Edge and cloud computing on shop floor

However, even more is required to fully utilise the advantages of sensor technology in the Industry 4.0 environment: Big data and artificial intelligence (AI) – and with them mathematical models which analyse complex machine and process states. Industry 4.0-suitable sensors have not only outputs for system control, they also have additional interfaces. They are in contact with cloud services via these. However, AI need not necessarily be localised in the cloud. Thanks to ever greater computing power, the data can also be evaluated locally directly on the shop floor at the machine in order to increase performance and productivity. The food producer therefore maintains the complete sovereignty over its machine data.


Meanwhile, in South Korea a large number of successful projects have been launched. An ideally typical greenfield project, as in the case of Foodpolis, can be based on a modern infrastructure from the outset. In contrast, reality is quite different for brownfield factories. Their plant equipment has in some cases been in use for over 15 years and is based on a different infrastructure than that required by a smart factory. "The integration of existing machines in smart processes by means of modern sensors and actuators therefore plays a central role at Food Industry Technology Show Korea", says Simone Schiller looking ahead to the upcoming event.


Human beings and robots side by side

Technical innovations are not only opening new doors in the area of sensor technology. While up until now robots primarily paid off in industries that produce standardised products in large quantities, they are increasingly being used in the food sector – most notably in South Korea. With regard to the robot density, after Singapore the country holds second place worldwide, as shown by the figures of the latest World Robotics Report. In comparison: With 774 industrial robots per 10,000 employees, the Republic of Korea uses more than twice as many units as Germany or Japan.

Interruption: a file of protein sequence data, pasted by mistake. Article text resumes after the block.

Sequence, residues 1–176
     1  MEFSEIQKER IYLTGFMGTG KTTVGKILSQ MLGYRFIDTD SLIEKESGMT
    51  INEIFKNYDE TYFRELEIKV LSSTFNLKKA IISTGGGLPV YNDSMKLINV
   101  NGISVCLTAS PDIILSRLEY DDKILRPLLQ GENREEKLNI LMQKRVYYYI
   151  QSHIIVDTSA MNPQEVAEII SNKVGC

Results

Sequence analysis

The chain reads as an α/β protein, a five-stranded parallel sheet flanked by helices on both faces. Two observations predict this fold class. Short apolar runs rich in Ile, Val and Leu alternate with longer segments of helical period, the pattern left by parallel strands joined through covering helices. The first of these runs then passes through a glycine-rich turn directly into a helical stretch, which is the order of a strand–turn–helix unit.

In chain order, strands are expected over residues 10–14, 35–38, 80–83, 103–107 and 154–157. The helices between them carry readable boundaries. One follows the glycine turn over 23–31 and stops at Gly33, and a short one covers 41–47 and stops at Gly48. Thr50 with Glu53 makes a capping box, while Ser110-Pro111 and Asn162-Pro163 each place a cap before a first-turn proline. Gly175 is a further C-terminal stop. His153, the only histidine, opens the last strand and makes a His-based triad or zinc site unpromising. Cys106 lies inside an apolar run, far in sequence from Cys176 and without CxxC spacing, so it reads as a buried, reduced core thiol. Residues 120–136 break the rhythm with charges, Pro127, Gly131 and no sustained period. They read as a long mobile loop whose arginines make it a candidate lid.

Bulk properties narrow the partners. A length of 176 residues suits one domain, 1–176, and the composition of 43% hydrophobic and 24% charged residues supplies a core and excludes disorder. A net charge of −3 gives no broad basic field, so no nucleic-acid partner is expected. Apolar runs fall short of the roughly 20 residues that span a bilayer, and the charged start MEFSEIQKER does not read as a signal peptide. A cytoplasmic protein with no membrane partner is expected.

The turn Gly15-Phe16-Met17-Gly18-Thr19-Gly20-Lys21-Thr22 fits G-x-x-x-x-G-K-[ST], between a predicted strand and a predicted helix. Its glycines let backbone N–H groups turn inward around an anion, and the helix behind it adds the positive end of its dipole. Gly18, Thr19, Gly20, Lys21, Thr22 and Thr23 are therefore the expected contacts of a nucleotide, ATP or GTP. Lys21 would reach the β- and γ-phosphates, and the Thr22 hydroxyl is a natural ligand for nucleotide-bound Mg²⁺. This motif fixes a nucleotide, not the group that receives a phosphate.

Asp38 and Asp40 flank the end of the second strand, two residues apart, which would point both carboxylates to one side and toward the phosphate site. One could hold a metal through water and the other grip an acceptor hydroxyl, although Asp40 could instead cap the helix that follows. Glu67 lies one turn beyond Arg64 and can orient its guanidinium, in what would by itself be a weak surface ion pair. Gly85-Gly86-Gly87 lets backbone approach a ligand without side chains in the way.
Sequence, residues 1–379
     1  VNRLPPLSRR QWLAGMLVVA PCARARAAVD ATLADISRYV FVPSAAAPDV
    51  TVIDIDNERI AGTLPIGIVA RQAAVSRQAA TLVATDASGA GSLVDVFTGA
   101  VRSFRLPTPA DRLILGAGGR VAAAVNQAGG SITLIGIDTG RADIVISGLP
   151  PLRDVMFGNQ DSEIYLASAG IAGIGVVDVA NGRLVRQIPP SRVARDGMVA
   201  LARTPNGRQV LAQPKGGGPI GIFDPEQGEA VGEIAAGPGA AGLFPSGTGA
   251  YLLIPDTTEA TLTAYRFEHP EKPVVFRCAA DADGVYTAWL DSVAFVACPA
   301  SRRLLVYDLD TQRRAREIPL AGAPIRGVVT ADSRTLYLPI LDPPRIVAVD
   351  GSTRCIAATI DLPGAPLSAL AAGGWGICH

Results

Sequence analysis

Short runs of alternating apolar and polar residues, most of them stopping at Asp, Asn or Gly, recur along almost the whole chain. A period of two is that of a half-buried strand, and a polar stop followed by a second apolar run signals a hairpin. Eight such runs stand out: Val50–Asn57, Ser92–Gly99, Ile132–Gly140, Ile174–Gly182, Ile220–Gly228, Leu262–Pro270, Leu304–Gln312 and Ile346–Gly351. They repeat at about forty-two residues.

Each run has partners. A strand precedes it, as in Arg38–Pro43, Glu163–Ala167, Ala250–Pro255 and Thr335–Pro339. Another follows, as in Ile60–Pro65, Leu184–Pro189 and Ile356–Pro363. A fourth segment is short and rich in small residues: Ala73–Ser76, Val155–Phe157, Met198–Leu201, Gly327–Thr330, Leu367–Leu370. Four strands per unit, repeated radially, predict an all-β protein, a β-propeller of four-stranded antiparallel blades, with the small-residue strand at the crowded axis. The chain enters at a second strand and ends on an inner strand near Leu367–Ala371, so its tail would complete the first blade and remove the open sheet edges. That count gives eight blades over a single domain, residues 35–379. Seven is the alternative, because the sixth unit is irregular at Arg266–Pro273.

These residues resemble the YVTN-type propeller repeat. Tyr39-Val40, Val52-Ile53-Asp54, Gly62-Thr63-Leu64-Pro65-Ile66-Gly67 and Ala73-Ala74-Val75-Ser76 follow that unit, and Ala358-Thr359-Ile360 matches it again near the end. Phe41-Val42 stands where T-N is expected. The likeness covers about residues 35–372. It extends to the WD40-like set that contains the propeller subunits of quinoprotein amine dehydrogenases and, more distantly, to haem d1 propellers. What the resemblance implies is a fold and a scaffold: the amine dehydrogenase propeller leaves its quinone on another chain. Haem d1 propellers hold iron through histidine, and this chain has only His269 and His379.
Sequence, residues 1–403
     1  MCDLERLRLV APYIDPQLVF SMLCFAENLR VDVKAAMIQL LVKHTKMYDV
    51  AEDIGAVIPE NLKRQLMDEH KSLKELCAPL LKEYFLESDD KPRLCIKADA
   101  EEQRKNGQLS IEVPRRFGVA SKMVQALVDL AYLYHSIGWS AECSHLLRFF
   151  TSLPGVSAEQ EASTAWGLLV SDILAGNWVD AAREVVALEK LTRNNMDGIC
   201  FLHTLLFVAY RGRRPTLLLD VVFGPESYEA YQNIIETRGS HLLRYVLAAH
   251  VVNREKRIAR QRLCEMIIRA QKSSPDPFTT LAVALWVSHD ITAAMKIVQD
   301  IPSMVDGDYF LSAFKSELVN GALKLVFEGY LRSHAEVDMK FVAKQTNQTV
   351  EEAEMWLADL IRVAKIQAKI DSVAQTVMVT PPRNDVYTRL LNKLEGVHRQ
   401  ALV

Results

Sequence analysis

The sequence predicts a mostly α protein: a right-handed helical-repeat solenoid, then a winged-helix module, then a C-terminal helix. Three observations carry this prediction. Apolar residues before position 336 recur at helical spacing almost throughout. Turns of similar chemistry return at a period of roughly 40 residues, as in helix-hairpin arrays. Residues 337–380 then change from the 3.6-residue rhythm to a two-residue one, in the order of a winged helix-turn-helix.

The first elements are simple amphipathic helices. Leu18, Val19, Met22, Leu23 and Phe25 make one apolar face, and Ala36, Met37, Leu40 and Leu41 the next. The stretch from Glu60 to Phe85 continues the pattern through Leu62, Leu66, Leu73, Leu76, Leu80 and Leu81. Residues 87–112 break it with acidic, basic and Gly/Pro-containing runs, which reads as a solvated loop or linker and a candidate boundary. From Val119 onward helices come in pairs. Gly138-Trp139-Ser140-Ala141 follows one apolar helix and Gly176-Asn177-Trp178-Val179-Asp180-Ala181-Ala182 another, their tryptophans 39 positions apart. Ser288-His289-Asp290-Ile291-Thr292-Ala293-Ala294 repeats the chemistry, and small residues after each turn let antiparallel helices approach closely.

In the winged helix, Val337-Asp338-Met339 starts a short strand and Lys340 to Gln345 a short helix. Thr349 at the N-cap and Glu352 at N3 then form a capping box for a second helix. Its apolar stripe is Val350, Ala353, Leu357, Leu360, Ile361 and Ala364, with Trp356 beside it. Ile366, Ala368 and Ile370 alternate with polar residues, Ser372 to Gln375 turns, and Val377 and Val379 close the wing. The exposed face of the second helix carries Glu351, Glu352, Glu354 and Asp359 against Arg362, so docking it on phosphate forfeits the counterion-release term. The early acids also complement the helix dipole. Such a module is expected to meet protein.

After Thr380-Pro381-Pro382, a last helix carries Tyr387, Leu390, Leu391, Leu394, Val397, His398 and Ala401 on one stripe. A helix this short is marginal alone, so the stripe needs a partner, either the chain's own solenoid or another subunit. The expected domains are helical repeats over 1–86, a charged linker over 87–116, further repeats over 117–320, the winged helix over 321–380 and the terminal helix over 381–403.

With a share of approximately four percent, the number of units installed in the food industry is still low and robots predominate in non-critical segments, like palletising and packing stations. On the other hand, in contact with open foodstuffs, the mechatronic equipment of the robots must fulfil more demanding hygienic requirements – an aspect that is at the top of the agenda of the accompanying technical program of the Food Industry Technology Show Korea. Small, light, convenient and above all flexibly networked – that's how engineers imagine the industrial robots of the future. Collaborating robots, the "cobots", are the spearhead of this development. They operate with sensitivity and precision thanks to their torque sensors in all axes. They are more flexible and offer a greater range of applications than classic robots, as they share the same working space with human beings. If an unexpected contact occurs, cobots reduce their working speed and their kinetic energy to a level that prevents injuries – completely without protective fences.




Food Industry Technology Show Korea – New Platform for Food Technology, Processing and Packaging

From 25 to 28 November 2020 the DLG (Deutsche Landwirtschafts-Gesellschaft - German Agricultural Society) will organise the Food Industry Technology Show Korea together with Korea's leading trade fair company Coex. The premiere of the new platform for food technology, processing and packaging will take place at the Coex Center in Seoul, South Korea. The new trade fair and conference format focuses on developments and offers international food technology and its relevance for the markets in Northern and Eastern Asia. Together with the parallel Coex Food Week, the established meeting place for the global food & beverage producers and dealers, the trade fair represents the entire value-added chain.